Abstract accepted at the workshop on ‘Critical Medical Anthropology Workshop’, Oaxaca, Mexico, 16-20 January 2017
Early interventions in child development and maternal health, according to what is considered to be the “gold standard”, should be conducted alongside a Randomized Controlled Trial tasked with the evaluation of their effectiveness. However, this combination of intervention and research methods features a number of problematic aspects. Questionnaires and surveys are often designed in terms that are not familiar for the research participants; it is difficult to detect changes in practices at the early stages of the intervention when the effects are small; in case the expected changes are not taking place, it is only at later stages of the intervention that quantitative methods will be able to capture the small, slow, or absent change in practices, with considerable costs in terms of time and resources; throughout the intervention, an uncertain number of research participants will leave the study and that will bear negative consequences for the statistical validity of the research findings. This list is only indicative and there are other important complications that it is not possible to recall here due to space limitations. These problems suggest that alternative methodologies should be considered in order to improve the design of the interventions and evaluations.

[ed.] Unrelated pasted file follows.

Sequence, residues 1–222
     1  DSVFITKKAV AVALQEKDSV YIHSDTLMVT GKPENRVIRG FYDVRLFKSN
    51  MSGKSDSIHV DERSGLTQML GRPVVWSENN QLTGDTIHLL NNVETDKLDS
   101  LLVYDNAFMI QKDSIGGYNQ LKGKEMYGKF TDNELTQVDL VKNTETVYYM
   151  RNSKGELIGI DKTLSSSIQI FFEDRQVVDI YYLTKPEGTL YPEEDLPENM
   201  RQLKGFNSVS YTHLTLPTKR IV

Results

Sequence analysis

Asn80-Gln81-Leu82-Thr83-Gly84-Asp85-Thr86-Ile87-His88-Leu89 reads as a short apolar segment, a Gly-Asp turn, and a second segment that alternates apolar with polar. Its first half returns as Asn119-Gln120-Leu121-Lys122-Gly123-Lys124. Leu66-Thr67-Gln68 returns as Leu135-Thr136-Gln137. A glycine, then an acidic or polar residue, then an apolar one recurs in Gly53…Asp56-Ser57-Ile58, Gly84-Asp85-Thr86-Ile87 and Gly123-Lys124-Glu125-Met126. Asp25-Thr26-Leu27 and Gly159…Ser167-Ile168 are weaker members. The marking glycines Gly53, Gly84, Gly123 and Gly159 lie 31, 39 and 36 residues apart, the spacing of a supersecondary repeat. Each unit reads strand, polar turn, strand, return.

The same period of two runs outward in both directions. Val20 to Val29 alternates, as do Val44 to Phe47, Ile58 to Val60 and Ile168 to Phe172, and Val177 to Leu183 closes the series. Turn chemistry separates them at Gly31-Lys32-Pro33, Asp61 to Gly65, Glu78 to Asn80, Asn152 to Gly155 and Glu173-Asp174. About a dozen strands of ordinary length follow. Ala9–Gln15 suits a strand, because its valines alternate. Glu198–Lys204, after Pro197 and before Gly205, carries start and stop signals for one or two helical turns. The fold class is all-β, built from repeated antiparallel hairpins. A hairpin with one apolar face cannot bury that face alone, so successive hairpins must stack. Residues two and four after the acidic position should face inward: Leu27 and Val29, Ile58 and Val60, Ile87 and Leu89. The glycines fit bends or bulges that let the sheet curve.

Ethnography can generate preliminary observations that can be used to design surveys and questionnaires in terms that research participants will find familiar; it can provide stark illustrations of early change in practices at a time when it is still difficult to capture such change with statistical methods; these observations can be used to take redressive action early on rather than wait until significant and meaningful statistics become available; ethnographers can also investigate reasons why research participants might want to drop out, and even reasons why perspective participants might not consent at the recruitment stage. The fact that ethnographies and RCTs are still considered separate and incompatible endeavours does not discourage researchers to experiment with innovative partnerships that integrate these methods, as it is the case of our collaboration between the University of Oxford and University College Dublin. However, collaborations of this kind have limitations that would be avoided if the integration of different methodologies was encouraged by funding agencies, rather than emerging spontaneously from the research experience. A topdown integration of ethnographies and RCT is therefore advisable.